As the system dynamics influence diagram below shows, the start of customer defections may trigger a vicious downward spiral into oblivion in the form of a positive feedback loop. An increase in customer defections leads to an acceleration in the decrease in profits, which leads to an increase in cost cutting measures, which accelerates decreased product/service quality, which increases the number of customer defections.

Once the vicious cycle commences, unless the loop is broken somehow, the extinction of the org and all of its “innards” is a forgone conclusion:

So, how can the cycle be broken? Well duh, by increasing revenues. So, how can revenues be increased? By somehow “miraculously”:

  • Creating new products/services that customers want and competitors don’t have yet
  • Enhancing the existing product/service portfolio to distinguish the org’s offerings from the moo herd’s crappy products/services

But wait, you say. How can an org enhance their products and/or create new ones with no capital to invest because of decreasing (or no) profits? Then, uh, that’s where the “miraculously” comes in.

In a tough business environment, it doesn’t take much to cut costs  (that’s what dime-a-dozen MBAs and mercenary hatchet men are for). It takes talent, ingenuity, lots of luck, and real leadership to increase revenues when little to no investment resources are available. No matter how sincere, text book exhortations, rah rah speeches, and appeals for increased focus/dedication/loyalty (with no reciprocating commitment for compensation should the ship be righted), aren’t characteristic of real leadership. They’re manifestations of fear.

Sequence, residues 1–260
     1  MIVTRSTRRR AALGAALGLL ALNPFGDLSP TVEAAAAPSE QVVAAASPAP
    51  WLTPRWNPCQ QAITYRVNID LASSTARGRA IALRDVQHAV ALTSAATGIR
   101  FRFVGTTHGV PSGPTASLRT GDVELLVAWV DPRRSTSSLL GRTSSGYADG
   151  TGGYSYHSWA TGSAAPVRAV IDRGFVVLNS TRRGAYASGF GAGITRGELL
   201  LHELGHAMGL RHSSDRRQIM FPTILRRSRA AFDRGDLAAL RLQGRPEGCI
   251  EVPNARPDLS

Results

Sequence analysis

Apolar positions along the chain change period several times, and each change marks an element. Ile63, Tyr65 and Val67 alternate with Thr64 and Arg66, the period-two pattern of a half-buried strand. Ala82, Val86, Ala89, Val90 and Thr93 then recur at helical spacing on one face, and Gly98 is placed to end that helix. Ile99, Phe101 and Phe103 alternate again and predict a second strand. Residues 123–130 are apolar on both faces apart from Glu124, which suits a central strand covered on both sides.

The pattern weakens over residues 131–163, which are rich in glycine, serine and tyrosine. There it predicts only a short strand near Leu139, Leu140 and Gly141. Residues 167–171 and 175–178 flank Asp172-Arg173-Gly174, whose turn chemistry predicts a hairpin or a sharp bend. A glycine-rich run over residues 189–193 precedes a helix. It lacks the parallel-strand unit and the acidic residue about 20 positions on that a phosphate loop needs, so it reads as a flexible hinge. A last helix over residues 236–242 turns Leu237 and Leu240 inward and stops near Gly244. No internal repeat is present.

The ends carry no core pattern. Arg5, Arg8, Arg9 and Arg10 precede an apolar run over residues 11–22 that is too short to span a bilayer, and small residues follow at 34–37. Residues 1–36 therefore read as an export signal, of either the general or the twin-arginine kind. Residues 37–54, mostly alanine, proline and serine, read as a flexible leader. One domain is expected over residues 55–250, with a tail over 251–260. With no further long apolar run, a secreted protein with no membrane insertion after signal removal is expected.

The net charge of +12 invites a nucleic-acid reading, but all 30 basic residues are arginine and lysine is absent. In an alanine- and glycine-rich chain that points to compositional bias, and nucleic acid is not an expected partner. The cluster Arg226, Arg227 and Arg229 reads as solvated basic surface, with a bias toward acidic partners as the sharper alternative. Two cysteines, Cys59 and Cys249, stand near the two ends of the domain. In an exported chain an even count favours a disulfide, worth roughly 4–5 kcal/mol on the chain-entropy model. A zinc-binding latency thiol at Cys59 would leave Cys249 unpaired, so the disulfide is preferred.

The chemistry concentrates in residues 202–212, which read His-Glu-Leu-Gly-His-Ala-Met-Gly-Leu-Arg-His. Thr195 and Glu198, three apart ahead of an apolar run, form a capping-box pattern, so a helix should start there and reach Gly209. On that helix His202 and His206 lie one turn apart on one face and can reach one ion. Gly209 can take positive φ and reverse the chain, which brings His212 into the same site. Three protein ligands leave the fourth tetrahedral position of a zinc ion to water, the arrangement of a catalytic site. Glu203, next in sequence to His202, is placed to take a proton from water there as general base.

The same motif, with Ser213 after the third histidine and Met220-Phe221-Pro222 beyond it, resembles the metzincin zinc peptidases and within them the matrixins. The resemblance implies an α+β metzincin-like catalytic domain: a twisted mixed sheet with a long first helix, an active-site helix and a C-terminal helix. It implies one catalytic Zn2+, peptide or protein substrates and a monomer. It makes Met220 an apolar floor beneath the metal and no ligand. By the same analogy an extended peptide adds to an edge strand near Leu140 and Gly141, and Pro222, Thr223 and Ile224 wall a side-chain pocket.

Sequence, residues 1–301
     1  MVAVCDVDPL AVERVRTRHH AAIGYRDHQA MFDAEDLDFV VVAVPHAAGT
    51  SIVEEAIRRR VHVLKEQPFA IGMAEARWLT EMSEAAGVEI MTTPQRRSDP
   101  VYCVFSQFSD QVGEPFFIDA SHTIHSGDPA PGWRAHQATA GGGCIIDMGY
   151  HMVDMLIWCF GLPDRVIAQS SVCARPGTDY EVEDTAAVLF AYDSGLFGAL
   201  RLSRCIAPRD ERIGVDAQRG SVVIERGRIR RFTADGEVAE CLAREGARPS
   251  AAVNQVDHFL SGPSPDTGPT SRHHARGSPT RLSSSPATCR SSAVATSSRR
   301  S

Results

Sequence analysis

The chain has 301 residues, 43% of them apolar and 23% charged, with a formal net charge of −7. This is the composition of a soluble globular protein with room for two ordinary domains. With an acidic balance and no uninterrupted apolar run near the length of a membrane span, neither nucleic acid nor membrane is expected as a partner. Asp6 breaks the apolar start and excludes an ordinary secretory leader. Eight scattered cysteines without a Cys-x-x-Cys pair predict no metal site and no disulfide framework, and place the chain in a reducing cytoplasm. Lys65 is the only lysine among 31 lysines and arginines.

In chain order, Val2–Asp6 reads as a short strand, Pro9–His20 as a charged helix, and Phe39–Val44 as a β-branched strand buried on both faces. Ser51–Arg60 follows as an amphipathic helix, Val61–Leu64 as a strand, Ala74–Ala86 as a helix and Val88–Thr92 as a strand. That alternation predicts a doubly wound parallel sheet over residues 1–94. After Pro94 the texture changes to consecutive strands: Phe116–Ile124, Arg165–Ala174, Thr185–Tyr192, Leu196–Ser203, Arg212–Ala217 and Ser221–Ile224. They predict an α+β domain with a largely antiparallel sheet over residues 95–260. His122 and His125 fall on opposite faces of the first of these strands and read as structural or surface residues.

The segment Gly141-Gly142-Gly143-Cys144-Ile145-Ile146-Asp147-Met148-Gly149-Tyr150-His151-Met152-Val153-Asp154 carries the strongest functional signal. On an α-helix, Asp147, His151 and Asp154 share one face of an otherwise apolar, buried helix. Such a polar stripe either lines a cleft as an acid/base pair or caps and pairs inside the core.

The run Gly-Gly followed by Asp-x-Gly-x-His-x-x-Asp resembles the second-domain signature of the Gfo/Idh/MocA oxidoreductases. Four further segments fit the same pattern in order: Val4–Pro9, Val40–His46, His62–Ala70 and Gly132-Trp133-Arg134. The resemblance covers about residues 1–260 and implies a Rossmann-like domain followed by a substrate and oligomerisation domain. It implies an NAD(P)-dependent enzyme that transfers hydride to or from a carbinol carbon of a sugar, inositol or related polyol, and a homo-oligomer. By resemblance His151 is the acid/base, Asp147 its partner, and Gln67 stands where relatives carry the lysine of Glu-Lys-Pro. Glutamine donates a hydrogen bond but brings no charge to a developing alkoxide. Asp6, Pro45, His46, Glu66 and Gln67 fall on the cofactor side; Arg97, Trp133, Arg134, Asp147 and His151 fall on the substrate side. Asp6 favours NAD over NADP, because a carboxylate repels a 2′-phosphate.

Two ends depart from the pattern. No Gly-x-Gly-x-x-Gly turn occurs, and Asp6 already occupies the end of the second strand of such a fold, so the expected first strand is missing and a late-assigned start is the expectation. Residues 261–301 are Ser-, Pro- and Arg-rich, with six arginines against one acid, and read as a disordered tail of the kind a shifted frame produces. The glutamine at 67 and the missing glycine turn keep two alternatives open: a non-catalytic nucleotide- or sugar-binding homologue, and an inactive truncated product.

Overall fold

The Null Set

October 14, 2011 1 comment

Few would argue that Martin Luther King and Albert Einstein didn’t change the world for the betterment of the human race. These two stunningly similar quotes unveil one of the keys to their hard won success:

Many people fear nothing more terribly than to take a position which stands out sharply and clearly from prevailing opinion. – Martin Luther King

Few people are capable of expressing with equanimity opinions which differ from the prejudices of their social environment. Most people are even incapable of forming such opinions. – Albert Einstein

Something tells me that this is an ironic twist on the cliche that “great minds think alike“. Great minds think alike, but so do mediocre minds. It’s just that on matters of importance, great minds don’t think like mediocre minds. D’oh!

%d bloggers like this: